One of the key benefits of cloud computing is that it gives you the ability to launch resources as needed to meet application demands. Some organizations that run their own private clouds are interested in leveraging cloudbursting, traditionally defined as an architecture where application workloads run fully in a private cloud until they grow beyond some threshold, after which the application tier bursts into a public cloud to take advantage of additional compute resources.
While this application-tier cloudbursting sounds simple in concept, you need to be aware of several important technical and business considerations if you want to leverage this architecture. These include bridging the inconsistencies among multiple clouds as well as dealing with the security, latency, and cost issues relating to communicating between public and private clouds. While there are approaches to addressing these technical challenges, many organizations choose alternatives to the traditional view of cloudbursting that focus on deploying workloads to the right cloud at the level of an application portfolio or an application service. Our Designing Private and Hybrid Clouds white paper provides more details on some of these cloudbursting alternatives.
Creating a cloudbursting architecture for an application involves ensuring that the communication latency and bandwidth between the two clouds do not negatively affect the application or user experience, which means provisioning application servers that work identically in both clouds, setting up a communication path (typically over the public Internet), putting controls in place to allow resources to access each other, and securing the communication channels. You also need management tools that cover the varying cloud environments. And once all of that is in place, you must periodically test the bursting.
The main challenges with cloudbursting are:
- Creating and managing configurations for multiple different clouds.
- Creating and managing a low-latency communication path between the clouds.
- Securing communications between the clouds
Let’s look at each in detail.
Challenge 1: Managing Configurations
Cloudbursting within an application involves running the same types of resources – application servers in our example – in multiple clouds. However, there can be large variations between the cloud providers you choose, requiring you to configure and manage your applications and their technology stacks across two different environments. Some of the differences include:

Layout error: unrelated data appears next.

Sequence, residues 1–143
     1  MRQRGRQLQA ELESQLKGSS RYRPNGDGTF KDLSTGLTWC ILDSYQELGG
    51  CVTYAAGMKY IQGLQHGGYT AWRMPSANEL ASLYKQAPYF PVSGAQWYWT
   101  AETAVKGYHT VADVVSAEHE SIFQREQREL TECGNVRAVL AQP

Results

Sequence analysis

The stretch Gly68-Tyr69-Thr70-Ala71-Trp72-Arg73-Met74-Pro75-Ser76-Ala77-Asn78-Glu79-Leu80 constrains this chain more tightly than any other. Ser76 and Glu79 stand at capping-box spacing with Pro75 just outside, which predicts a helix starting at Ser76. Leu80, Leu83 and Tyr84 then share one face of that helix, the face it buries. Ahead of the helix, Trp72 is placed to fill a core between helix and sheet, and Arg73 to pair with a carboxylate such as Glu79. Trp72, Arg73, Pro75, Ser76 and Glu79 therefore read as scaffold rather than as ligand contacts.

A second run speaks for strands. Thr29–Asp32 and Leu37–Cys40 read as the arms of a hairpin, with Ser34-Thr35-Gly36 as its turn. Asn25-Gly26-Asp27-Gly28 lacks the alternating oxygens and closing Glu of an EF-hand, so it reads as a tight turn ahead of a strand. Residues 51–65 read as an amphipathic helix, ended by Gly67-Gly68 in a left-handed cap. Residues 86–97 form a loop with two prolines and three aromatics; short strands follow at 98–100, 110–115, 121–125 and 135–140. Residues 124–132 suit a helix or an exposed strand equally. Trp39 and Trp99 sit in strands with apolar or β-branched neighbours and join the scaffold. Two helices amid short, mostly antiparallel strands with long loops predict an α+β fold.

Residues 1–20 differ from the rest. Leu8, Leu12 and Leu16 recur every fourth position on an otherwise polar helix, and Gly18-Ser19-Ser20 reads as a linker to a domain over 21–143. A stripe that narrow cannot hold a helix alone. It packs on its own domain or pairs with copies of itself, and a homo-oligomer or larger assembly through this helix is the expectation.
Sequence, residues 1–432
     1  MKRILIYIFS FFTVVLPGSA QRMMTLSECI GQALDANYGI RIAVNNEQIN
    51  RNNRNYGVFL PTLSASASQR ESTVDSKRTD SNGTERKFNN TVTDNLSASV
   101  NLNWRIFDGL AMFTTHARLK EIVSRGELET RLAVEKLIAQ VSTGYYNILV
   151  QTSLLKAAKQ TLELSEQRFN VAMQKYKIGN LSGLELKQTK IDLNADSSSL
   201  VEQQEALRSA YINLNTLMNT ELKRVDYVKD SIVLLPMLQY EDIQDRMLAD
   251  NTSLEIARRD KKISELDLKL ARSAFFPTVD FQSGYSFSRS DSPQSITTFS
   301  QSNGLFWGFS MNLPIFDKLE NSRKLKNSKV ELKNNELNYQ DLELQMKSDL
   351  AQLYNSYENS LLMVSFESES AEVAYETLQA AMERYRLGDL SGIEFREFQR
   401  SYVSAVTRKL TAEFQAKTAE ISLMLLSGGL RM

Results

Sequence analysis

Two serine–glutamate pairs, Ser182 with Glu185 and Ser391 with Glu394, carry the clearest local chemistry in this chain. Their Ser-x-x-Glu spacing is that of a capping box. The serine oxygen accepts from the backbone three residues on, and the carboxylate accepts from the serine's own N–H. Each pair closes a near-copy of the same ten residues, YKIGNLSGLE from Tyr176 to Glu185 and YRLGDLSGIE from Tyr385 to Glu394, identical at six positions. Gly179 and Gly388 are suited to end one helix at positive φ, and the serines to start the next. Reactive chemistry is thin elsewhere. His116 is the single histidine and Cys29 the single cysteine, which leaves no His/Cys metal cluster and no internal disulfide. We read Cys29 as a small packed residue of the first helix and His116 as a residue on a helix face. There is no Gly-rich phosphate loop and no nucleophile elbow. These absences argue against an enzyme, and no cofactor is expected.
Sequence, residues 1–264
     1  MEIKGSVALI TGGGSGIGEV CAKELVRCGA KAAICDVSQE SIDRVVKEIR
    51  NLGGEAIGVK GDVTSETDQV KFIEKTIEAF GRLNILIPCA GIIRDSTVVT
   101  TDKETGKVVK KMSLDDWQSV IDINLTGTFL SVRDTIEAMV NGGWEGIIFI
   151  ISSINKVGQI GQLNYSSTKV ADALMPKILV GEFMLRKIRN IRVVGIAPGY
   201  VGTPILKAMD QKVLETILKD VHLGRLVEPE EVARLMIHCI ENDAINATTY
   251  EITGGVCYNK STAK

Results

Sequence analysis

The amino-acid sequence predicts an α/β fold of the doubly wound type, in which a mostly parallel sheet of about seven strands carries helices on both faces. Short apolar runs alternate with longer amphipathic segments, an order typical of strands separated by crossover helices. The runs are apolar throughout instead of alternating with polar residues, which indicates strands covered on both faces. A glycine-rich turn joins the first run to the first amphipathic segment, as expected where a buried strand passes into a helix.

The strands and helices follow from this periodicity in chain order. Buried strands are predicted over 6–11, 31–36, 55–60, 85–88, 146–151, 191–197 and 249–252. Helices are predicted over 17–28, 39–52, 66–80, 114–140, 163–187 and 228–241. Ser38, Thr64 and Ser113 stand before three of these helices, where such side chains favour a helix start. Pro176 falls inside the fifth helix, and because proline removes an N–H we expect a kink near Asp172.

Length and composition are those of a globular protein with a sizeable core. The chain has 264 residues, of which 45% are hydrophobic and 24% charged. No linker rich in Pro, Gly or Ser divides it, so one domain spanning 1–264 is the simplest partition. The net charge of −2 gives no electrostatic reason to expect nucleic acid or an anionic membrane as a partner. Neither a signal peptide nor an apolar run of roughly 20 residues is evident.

- Differing underlying hypervisors and versions of hypervisors
- Different hypervisor features and machine image formats
- Cloud APIs differ in behavior as well as in the available calls
- Different clouds provide different ranges of virtual machine types and power
- Cloud network configurations differ. Some offer the concept of availability zones, others do not. Some have security groups, some have subnets and ACLs, and some have both.
- Clouds offer varying types of storage, such as object, block, persistent, and ephemeral, which may exhibit differing behavior or may not be available in any other given cloud.
This also creates downstream effects. For example, using different hypervisors and storage subsystems generally requires using different base virtual machine images that need to be built for each cloud and maintained with every operating system and security patch that comes out.
RightScale helps to address a lot of these (sometimes subtle) differences by abstracting the variations among clouds for you when you use our multi-cloud management platform and our ServerTemplatesTM, making it easier to implement hybrid cloud architectures. RightScale can launch servers that function almost identically with predictable configurations in different clouds, even if those clouds are based on incompatible technologies and inconsistent behaviors, thus providing portability across clouds. And RightScale partners with Rackspace, which provides hybrid cloud solutions that use OpenStack technologies for both the public and private cloud components.
Challenge 2: Communication Latency
In the cloudbursting example above, the application tier is located in the public cloud and processes data that is being read from a database on-premise. This works reasonably well because that data is only being read in order to generate thousands of static pages, and the database access is not in any critical latency path.
However, latency and throughput can become a challenge if your application needs to move a significant amount of data between your application tier and database when they are located in different clouds. This latency issue is especially pronounced when the communication is over the public Internet. Because app-to-database communication can involve many round trips per front-end request, even relatively small latencies can add up rapidly.